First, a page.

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Robert Underwood Johnson, Clarence Clough Buell, Battles and Leaders of the Civil War. Volume 4. 9 5 Browse Search
Robert Underwood Johnson, Clarence Clough Buell, Battles and Leaders of the Civil War: The Opening Battles. Volume 1. 6 0 Browse Search
Robert Underwood Johnson, Clarence Clough Buell, Battles and Leaders of the Civil War: Volume 2. 6 6 Browse Search
Admiral David D. Porter, The Naval History of the Civil War. 6 2 Browse Search
Robert Underwood Johnson, Clarence Clough Buell, Battles and Leaders of the Civil War. Volume 3. 2 2 Browse Search
Harper's Encyclopedia of United States History (ed. Benson Lossing) 2 0 Browse Search
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Browsing named entities in Admiral David D. Porter, The Naval History of the Civil War.. You can also browse the collection for James Russell Soley or search for James Russell Soley in all documents.

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Admiral David D. Porter, The Naval History of the Civil War., Chapter 12: fight between the Merrimac and Monitor, March 8, 1862. (search)
an at the wheel, who having no one to direct him, and doubtless being excited by the fall of his commanding officer, steered off on another course without any particular aim or object. This is substantially the view given of the occurrence by Prof. Soley in his work, The blockade and the cruisers, and he obtained his information from the late Commander Greene. Lieut. George U. Morris. (Acting commander of the Cumberland.) Prof. Soley further says: Seeing the Monitor draw off, Van Brunt,Prof. Soley further says: Seeing the Monitor draw off, Van Brunt, under the supposition that his protector was disabled and had left him, prepared for the worst, and made ready to destroy his ship; but at this point the Merrimac withdrew to Norfolk. Greene fired at her twice, or at most three times. He then returned to the Minnesota, and remained by her until she got afloat. This is no doubt a correct version of the affair. The Merrimac moved off (those on board of her glad to do so in an apparently creditable manner), knowing that if the battle lasted m
Admiral David D. Porter, The Naval History of the Civil War., chapter 48 (search)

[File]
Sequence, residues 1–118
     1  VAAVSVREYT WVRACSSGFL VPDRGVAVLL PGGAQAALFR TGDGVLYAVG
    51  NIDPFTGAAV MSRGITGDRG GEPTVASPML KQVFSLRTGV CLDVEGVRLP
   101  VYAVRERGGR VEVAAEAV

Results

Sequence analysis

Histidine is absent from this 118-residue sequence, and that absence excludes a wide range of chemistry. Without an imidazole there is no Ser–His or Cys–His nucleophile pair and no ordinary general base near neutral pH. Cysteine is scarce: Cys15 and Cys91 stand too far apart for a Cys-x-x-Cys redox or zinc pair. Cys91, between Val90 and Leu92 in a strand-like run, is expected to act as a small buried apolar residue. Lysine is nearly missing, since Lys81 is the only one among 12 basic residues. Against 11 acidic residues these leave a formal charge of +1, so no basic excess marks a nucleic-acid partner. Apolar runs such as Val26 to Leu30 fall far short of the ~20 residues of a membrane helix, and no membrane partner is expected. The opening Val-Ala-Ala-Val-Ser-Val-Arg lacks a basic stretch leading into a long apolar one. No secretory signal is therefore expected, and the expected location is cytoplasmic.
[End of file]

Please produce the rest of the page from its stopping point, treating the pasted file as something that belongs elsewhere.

y. If these officers were engaged in a bad cause, they were at least faithful to it in the extreme. They had succeeded far beyond their most sanguine expectations, having got their vessel to sea in spite of the watchful care of the American minister in London and the apparent zeal of the British Government to prevent it. How far Her Majesty's Government were sincere in their intentions can be seen from the following extract, which we give from the work of a clever naval writer, Professor J. Russell Soley, U. S. N.: The second cruiser built in England for the Confederates was the Alabama, whose career began in July, 1862. The attention of the Foreign Office had been first called to this vessel by a note from Mr. Adams on the 23d of June. The evidence then submitted as to her character was confined to a statement made by the Consul at Liverpool, of suspicious circumstances connected with the vessel. The communication was referred to the law officers of the Crown, who gave the
Admiral David D. Porter, The Naval History of the Civil War., Chapter 56: commerce-destroyers.-their inception, remarkable career, and ending. (search)
corded the Confederates by Great Britain was the Queen's proclamation of neutrality, forbidding either belligerent from taking prizes into British ports. It is difficult to understand how a nation can concede belligerent rights to another and recognize the seizure of neutral property — as did England and other powers-and yet maintain no official relations with her. The clearest and most convincing statement of this question is embraced in a work on The blockade and the cruisers, by Professor James R. Soley, U. S. N. A vast amount of indulgence was shown the Confederate cruisers in every stage of their proceedings, and it is not unlikely, if a similar state of affairs should ever again occur, that neutrals will find it necessary to draw the lines closer than heretofore, in order not to be liable to penalties which are apt to follow so liberal a course as was pursued towards the Confederates, during the American civil war, by certain European governments. So many arguments have been